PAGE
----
Mark Drakeford, Cabinet Secretary for Finance and Local Government
The Local Authority Elections (Wales) Order 2014 provided for local elections in Wales to be delayed for a year, from May 2016 to May 2017. This allowed the elections to be separated from the Assembly elections.
At the present time, the Local Government Act 1972 provides that ordinary elections to local government in Wales take place on the first Thursday of May every four years. Therefore, the next local government elections would normally take place in May 2021. Since the implementation of the provisions of the Wales Act 2014, elections to the National Assembly take place on a five-yearly cycle. The policy of the Welsh Government is that elections at local level should also be placed on a five year cycle. It is intended that councillors elected next May will therefore hold office until May 2022.
The Wales Bill, currently before Parliament, includes provisions which would enable the Assembly to legislate to determine the term of office for local government. As the Bill is currently in draft form and should these provisions, for any reason, not come into force, the Welsh Government could use the same powers under the Local Government Act 2000 as we did in 2014 to delay the elections by a year. This statement therefore provides clarity to local government as to the length of office of those to be elected next year.
In the light of this, I have considered the decision made last year in relation to the electoral arrangements of some principal councils. It was determined that reviews conducted by the Local Democracy and Boundary Commission for Wales in relation to nine principal areas would not be implemented, given the intention that councils elected in 2017 would only serve a short term prior to mergers.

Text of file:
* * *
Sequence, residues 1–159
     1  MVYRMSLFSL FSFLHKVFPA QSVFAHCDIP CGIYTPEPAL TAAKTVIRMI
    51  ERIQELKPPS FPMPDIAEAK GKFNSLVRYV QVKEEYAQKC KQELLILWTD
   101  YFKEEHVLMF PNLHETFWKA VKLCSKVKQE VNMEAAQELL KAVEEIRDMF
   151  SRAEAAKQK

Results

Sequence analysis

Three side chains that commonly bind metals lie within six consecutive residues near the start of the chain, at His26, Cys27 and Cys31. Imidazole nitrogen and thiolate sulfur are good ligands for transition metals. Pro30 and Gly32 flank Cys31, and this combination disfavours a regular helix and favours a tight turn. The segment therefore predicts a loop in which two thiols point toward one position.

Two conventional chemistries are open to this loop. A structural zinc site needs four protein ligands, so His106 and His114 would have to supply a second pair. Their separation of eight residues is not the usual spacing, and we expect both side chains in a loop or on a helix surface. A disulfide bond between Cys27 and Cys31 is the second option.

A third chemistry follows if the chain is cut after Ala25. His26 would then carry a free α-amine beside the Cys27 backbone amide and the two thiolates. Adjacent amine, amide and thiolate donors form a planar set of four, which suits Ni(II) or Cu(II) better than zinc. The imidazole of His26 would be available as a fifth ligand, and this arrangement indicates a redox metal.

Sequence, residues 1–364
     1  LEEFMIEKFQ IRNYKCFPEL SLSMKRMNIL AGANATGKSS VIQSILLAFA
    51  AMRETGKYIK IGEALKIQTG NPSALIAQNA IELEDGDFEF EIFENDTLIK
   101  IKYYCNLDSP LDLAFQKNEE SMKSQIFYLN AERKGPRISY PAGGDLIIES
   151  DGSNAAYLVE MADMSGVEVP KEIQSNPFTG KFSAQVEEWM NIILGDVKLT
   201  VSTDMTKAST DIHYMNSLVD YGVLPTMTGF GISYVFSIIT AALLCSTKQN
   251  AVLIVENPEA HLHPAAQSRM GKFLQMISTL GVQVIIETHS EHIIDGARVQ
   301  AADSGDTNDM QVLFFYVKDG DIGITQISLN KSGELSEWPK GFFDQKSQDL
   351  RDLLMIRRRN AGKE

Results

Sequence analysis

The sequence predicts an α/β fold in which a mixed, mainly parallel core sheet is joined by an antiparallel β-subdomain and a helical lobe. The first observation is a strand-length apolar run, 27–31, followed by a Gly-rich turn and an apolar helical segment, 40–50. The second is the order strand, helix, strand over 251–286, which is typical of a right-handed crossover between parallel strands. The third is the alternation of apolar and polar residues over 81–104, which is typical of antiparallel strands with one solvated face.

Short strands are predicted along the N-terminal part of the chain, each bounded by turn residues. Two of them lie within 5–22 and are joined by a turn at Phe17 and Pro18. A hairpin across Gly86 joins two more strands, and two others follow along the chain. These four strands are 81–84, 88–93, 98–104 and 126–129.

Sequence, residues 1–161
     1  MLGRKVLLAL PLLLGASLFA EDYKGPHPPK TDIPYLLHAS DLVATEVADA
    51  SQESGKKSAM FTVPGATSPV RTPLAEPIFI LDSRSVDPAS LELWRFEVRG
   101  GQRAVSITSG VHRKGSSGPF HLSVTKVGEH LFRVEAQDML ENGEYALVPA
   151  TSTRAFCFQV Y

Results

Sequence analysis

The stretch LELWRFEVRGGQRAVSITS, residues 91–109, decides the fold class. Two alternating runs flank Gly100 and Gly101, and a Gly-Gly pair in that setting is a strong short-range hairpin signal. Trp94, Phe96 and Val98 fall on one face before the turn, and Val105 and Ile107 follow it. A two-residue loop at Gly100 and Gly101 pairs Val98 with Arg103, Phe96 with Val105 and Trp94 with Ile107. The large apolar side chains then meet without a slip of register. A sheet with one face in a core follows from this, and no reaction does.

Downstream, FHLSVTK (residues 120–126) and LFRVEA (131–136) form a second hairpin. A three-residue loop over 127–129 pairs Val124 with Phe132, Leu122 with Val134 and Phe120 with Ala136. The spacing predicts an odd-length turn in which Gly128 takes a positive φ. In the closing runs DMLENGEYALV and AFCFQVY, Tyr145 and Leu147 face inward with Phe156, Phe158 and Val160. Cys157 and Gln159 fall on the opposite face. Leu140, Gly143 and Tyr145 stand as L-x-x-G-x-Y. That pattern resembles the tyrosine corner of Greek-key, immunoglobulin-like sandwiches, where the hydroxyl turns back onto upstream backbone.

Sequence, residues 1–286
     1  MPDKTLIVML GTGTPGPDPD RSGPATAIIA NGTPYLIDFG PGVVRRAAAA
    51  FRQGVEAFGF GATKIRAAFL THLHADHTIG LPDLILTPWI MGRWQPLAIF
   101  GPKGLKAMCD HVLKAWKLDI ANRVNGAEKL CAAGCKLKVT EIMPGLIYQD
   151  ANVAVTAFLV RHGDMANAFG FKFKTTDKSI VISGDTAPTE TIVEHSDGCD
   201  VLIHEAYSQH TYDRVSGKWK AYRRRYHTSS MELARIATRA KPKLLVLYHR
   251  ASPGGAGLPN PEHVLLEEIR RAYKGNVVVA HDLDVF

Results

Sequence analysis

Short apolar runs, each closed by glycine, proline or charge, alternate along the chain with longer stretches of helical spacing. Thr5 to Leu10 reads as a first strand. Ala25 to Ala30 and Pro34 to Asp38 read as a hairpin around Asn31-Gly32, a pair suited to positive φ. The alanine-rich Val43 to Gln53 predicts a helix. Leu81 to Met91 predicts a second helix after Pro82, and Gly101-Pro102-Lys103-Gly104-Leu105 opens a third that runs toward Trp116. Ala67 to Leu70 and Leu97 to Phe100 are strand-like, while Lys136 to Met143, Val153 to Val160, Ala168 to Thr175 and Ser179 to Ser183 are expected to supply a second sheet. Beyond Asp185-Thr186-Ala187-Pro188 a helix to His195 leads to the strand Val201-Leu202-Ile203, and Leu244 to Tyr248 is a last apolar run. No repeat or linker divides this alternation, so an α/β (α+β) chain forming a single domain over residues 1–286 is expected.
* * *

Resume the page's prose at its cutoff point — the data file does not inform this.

However, even though the elections in May next year will now result in a full term, due to their proximity, the arrangements which would be required and the disruption for potential candidates, I do not intend to implement any changes to current electoral arrangements in advance of the 2017 elections resultant from those reviews. The councils concerned are Carmarthenshire, Ceredigion, Conwy, Denbighshire, Gwynedd, Monmouthshire, Pembrokeshire, Powys and Torfaen.
The decision that councils will be elected for a full term also means that the Local Democracy and Boundary Commission (the Commission) will return to its normal ten-year cycle of reviews of electoral arrangements. I expect the Commission to publish a new, prioritised programme as soon as possible which takes into account the age of the current arrangements in some areas and the amount of change since the last review was undertaken. I will ask the Commission, in planning their work, to start by revisiting the nine outstanding reviews, with a view to presenting fresh reports on these at the very start of their programme.
It is my intention that reviews of electoral arrangements in principal councils will be conducted against a set of common criteria to be agreed through the Commission. I also expect electoral reviews to have been completed for all 22 authorities within the next local government term.
These arrangements provide clarity for those considering standing for election in 2017 and also set out a long term planning horizon for local authorities and their public service partners. However, I want to be clear that discussions on the reform agenda are on-going with local authorities and other stakeholders. I will be proposing a way forward on local government reform in the Autumn.